Minnesota Power Foundation gives $25,000 to bolster hands-on STEM program for fifth-graders

April 23, 2019



A $25,000 gift from the Minnesota Power Foundation will boost a program that aims to inspire and educate youth in science, technology, engineering and math.

Aimee Curtis, Minnesota Power Foundation administrator, and Lori Hoyum, policy manager at Minnesota Power, recently presented the check to STARBASE Minnesota Duluth. It’s the first major sponsorship in the organization’s campaign to raise money to equip four classrooms at the 148th Fighter Wing in Duluth with cutting-edge technology for STEM-related instruction, including computer aided design and 3D printing.

Headquartered in St. Paul, STARBASE Minnesota expanded to Duluth in July 2017, where the nonprofit offers its unique learning experience to fifth-graders in two transitional classrooms at the 148th Fighter Wing. A planned expansion at Fighter Wing headquarters will provide STARBASE with four dedicated classrooms.

“Expanding the program and doubling the number of classrooms will enable STARBASE to serve more students from a wider area in northeastern Minnesota,” said Hoyum, who serves as vice chair on the STARBASE Advisory Board. “Fifth-graders from communities on the Iron Range, up the North Shore and down the I-35 corridor will be able to participate in this one-of-a-kind, hands-on learning experience that broadens a student’s world in ways that the traditional classroom isn’t able to.”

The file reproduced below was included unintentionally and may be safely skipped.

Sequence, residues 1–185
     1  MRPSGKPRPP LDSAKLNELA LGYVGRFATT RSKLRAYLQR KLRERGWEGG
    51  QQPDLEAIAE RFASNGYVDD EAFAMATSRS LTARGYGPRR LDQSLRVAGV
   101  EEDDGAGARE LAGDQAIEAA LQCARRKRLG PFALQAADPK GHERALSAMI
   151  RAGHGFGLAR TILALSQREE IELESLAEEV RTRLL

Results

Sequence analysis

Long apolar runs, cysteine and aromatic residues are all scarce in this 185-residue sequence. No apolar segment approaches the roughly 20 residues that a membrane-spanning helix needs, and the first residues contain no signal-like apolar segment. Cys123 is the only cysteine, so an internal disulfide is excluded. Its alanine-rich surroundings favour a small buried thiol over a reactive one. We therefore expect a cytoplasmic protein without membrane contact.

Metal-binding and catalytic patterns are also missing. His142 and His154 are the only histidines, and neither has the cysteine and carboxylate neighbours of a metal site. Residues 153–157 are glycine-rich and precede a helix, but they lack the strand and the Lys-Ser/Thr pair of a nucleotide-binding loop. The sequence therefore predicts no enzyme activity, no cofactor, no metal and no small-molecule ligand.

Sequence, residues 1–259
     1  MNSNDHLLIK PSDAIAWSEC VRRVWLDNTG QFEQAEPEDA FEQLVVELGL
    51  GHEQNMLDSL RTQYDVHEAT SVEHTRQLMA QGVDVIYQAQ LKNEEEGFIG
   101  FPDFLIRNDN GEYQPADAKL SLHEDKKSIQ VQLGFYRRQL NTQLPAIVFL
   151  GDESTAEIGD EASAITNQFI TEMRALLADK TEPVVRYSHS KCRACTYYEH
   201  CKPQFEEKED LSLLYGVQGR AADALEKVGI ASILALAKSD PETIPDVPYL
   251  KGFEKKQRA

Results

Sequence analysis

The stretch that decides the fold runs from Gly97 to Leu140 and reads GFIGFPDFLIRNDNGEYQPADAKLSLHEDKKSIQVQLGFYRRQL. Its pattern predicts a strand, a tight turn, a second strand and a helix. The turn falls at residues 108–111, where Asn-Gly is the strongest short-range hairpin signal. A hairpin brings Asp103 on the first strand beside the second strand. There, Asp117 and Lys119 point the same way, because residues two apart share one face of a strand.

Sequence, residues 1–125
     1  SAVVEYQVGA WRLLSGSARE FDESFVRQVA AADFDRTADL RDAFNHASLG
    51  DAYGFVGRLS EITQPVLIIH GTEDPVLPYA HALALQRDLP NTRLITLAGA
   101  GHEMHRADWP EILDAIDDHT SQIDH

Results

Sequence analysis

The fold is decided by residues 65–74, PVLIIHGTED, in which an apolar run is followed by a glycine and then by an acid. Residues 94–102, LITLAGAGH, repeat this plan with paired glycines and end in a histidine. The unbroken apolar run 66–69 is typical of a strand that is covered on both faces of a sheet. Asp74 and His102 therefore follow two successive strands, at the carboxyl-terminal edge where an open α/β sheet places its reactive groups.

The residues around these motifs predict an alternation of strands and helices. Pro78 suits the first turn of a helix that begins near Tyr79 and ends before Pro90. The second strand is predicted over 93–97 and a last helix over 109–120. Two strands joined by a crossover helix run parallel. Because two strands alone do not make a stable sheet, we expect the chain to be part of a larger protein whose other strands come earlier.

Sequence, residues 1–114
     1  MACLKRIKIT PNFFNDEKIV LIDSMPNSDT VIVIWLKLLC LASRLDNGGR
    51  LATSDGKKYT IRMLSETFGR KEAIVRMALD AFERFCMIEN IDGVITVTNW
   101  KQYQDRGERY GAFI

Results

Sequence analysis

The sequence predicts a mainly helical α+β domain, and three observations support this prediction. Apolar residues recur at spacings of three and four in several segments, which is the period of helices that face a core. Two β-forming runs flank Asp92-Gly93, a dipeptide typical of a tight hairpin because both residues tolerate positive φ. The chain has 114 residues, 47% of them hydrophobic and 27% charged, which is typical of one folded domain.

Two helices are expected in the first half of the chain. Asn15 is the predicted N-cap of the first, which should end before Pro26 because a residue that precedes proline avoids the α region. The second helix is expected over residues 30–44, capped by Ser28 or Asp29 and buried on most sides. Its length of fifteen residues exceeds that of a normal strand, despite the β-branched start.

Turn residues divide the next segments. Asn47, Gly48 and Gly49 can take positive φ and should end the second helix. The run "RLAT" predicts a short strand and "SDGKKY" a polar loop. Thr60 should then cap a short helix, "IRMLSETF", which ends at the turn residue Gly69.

The program currently is at capacity, serving 1,400 students annually. The expansion will allow the program to serve more than 2,500 students each year.

Students spend 25 hours across five days focusing on real-world problem-solving and applications. Guided by a team of licensed instructors, students conduct scientific experiments to learn more about the engineering design process, robotics, rocketry, navigation, biology and more; use software to design projects that are brought to life using 3D printing technology; and learn about careers in STEM-based fields.

“We are delighted that Minnesota Power has joined STARBASE as the first classroom sponsor of the capital campaign project to expand our program over the course of the next year,” said Charity Rupp, STARBASE Minnesota – Duluth director. “The partnership with Minnesota Power is a natural fit for the immersive STEM education curriculum that STARBASE provides to students. The emerging technologies being utilized for the purposes of energy and resource exploration go hand-in-hand with what the students are learning each day at STARBASE.”

In addition, scientists, engineers and other professionals in STEM careers at Minnesota Power are helping to inspire students by sharing with them what they do in their work.

“Opening up the world of STEM to students at this age is critical as we think about growing and retaining the workforce in greater Minnesota,” Rupp said. “Our region is home to businesses like Minnesota Power that need workers with STEM skills. STARBASE can contribute to the area’s workforce development by helping equip students and paving the way for them to find career opportunities in STEM fields that exist right here.”

STARBASE was created in 1991 and is a program of the Department of Defense and Minnesota National Guard. Its free, hands-on STEM curriculum aligns with state and national standards.